One thing I will add: in the fluorescent lighting of an office setting, a courtroom, or anyplace else I normally "do business," it is usually very difficult to tell the difference between dark charcoal, very dark blue, or black. I actually don't own a black suit currently, but when I go to court I'd rather be the guy in the well-fitted black suit with a good pair of shined shoes, than the guy in the poorly-fitted gray suit and a scuffed pair of Eccos.
post #10 of 1038
Quote:
I read somewhere long ago that black suit is not an acceptable business attire unless you are a matre'd or funeral home director. What's your opinion?
Also if you are in the fashion industry, are the curator of a museum, or an architect. Magazine editor, or writer. Maybe some other creative field.
post #11 of 1038
bryce330, I work in pharma and completely agree. I wear my black Armani suit, my black Canali sportcoat, and my black Zegna shirt jacket as much as anything in my closet. Never felt strange about it. Never received anything but compliments. Wouldn't care about disapproving looks either, if any were to be made. I'm too much of an individual to care.
post #12 of 1038
Quote:
In my opinion, this idea that black suits are somehow "inappropriate for business" (whatever that means) is ridiculous and without any reasonable basis; if there is a reason, it has never been adequately explained to me.  It makes absolutely no sense for a dark charcoal only a few shades from black to be considered appropriate, but for black itself to be forbidden.
Well, look.  Whenever someone posts asking a question about the "rules", I tend to answer it if no one else has, because I know what the rules are, I like them, and I generally adhere to them.  I have never claimed, and do not claim now, that the rules are entirely or even mostly rational.  They have evolved over the years in a curious way.  Some rules are just pure tradition and have no claim to a rational origin at all.  Others begin life as rational principles, but as things change, and the original reason is forgotten, they remain simply as "rules".  The canon of rules is thus very largely an ossified and contradictory jumble. Part of what I try to do in my book is not only explain what they rules are, but how they came to be.  The more one delves into this, the more they appear to have no cosmological foundation.  Who would have guessed? By the way, I do explain the reasons behind the rise of black clothing, and its later "promotion" to formal wear only.  But I have to leave something for the book.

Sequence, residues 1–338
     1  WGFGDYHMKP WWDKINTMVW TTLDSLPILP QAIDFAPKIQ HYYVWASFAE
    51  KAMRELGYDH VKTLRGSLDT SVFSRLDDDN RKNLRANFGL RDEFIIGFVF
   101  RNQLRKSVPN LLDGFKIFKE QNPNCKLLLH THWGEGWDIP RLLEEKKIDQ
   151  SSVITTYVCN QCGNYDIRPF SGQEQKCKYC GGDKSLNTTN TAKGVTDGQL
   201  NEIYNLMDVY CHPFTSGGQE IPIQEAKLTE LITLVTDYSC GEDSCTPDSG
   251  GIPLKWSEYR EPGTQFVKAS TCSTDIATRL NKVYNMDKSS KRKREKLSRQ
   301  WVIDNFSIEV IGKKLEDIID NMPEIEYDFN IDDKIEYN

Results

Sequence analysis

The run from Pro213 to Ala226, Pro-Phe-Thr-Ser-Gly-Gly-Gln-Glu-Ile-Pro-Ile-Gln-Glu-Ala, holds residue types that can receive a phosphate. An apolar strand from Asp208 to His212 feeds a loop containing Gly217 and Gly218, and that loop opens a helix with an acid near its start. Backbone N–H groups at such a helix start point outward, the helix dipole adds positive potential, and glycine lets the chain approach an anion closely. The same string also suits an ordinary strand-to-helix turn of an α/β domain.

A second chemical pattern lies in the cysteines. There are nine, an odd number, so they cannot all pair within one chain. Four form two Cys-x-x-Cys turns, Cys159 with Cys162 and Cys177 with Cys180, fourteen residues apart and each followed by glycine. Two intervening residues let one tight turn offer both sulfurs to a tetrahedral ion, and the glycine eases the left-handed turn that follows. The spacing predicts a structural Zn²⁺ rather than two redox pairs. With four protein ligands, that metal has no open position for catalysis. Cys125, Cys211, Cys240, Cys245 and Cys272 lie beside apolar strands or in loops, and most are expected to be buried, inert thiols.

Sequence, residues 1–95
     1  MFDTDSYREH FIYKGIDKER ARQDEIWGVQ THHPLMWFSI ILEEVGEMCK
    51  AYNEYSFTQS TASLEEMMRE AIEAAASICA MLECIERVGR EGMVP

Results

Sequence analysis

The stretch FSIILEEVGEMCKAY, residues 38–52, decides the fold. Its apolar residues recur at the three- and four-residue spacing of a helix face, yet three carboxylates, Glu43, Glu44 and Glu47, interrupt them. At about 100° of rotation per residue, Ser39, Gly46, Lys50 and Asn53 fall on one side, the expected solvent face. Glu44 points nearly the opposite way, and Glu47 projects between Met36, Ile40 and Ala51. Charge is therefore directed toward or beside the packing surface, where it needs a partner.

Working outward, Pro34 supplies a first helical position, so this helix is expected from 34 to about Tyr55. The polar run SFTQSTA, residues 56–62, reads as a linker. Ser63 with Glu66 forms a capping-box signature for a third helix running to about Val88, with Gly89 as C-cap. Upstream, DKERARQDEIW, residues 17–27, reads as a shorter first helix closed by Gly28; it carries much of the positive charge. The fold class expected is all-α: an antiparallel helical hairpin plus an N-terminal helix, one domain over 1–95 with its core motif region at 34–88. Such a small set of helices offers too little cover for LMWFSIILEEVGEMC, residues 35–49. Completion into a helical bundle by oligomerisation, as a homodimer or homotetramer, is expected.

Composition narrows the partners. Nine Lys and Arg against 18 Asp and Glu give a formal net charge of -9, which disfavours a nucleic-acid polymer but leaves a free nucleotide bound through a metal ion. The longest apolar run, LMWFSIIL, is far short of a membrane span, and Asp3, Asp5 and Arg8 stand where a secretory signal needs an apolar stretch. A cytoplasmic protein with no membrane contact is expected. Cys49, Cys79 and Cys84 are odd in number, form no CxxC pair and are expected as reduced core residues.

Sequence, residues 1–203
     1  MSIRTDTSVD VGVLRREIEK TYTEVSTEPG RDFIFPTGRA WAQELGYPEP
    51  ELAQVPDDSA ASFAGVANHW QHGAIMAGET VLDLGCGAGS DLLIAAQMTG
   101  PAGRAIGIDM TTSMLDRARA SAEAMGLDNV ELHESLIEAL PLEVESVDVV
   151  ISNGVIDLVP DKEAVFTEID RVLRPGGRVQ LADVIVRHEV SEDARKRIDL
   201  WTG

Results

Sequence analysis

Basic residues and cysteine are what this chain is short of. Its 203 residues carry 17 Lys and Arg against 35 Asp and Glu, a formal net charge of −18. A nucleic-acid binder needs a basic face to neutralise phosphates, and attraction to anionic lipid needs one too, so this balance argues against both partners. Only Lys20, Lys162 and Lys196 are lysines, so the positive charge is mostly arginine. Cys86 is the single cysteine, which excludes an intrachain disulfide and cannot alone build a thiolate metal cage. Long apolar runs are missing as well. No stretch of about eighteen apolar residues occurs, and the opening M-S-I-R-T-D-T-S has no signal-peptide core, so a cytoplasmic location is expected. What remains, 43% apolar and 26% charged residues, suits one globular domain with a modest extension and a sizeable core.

Quote:
As has been stated before on this board, as long as you are well put-together and not wearing anything wildly inappropriate
Aha.  The only way to judge whether something is "inappropriate" or not is by reference to the rules.  Which is to say, the same (irrational) principle which places black suits out of bounds also determines what is "appropriate" and what is not. Black for suits does violate the rules of tradtional dress, as codified in London, Milan, Naples and New York over the course of the 20th Century.  Black wool is for formal wear only.  Dark city suits should be blue or gray, or maybe brown.  (The rules have been bent in recent decades to make brown more acceptable for town wear).  This is not my decision.  It just ... is. By all means, wear black suits if you want.  You won't go to jail.   It may not even hurt your career.  I guarantee it will have no effect on your soul.  But it is still against the rules.
Quote:
Finally, it also strikes me that many of the people who speak out against black suits are the same people who espouse the "American Trad" ethic of dressing.
Not me.  Savile Row all the way.
post #13 of 1038
I agree with Manton, here, as well as Bryce. You'll look fine in a black suit, in the office or elsewhere. I just don't think you'd look as good as you would in a charcoal suit, all other things equal. THis may be because of the "rules," or because of the way that fluourescent lights make black look. The black rule is not an American Trad rule. Far from it. I think it comes from people who think black looks BEST in the evening, and thus should be reserved SOLELY for evening. In other words, charcoal and navy look best during the day, so save those for day. I don't wear a black shirt to the office for the same reason I wouldn't wear a black suit. I suppose of any city this might be excepted, it would be NYC or DC.
post #14 of 1038
IIRC, the wearing of black as an evening color was started by a rather morose individual who wished to show his moroseness (an early goth?); it became a trend, and then stuck. This is unrelated to its propriety as a color for business wear. In fact, I don't know why I just typed it in this thread, but since I did, I'll post it.
post #15 of 1038
Besides, doesn't black look best with saturated/bright/high-contrast colors that are seldom considered conservative business attire?  Yeah, the black suit looks great with the Etro shirt, but who wears that to the office?  Charcoal and navy look much better with the pale blues and whites of the business attire palette?  And black suits don't work so well with brown shoes and who wants to wear a black shoe all the time (or any non-formal time for that matter)? dan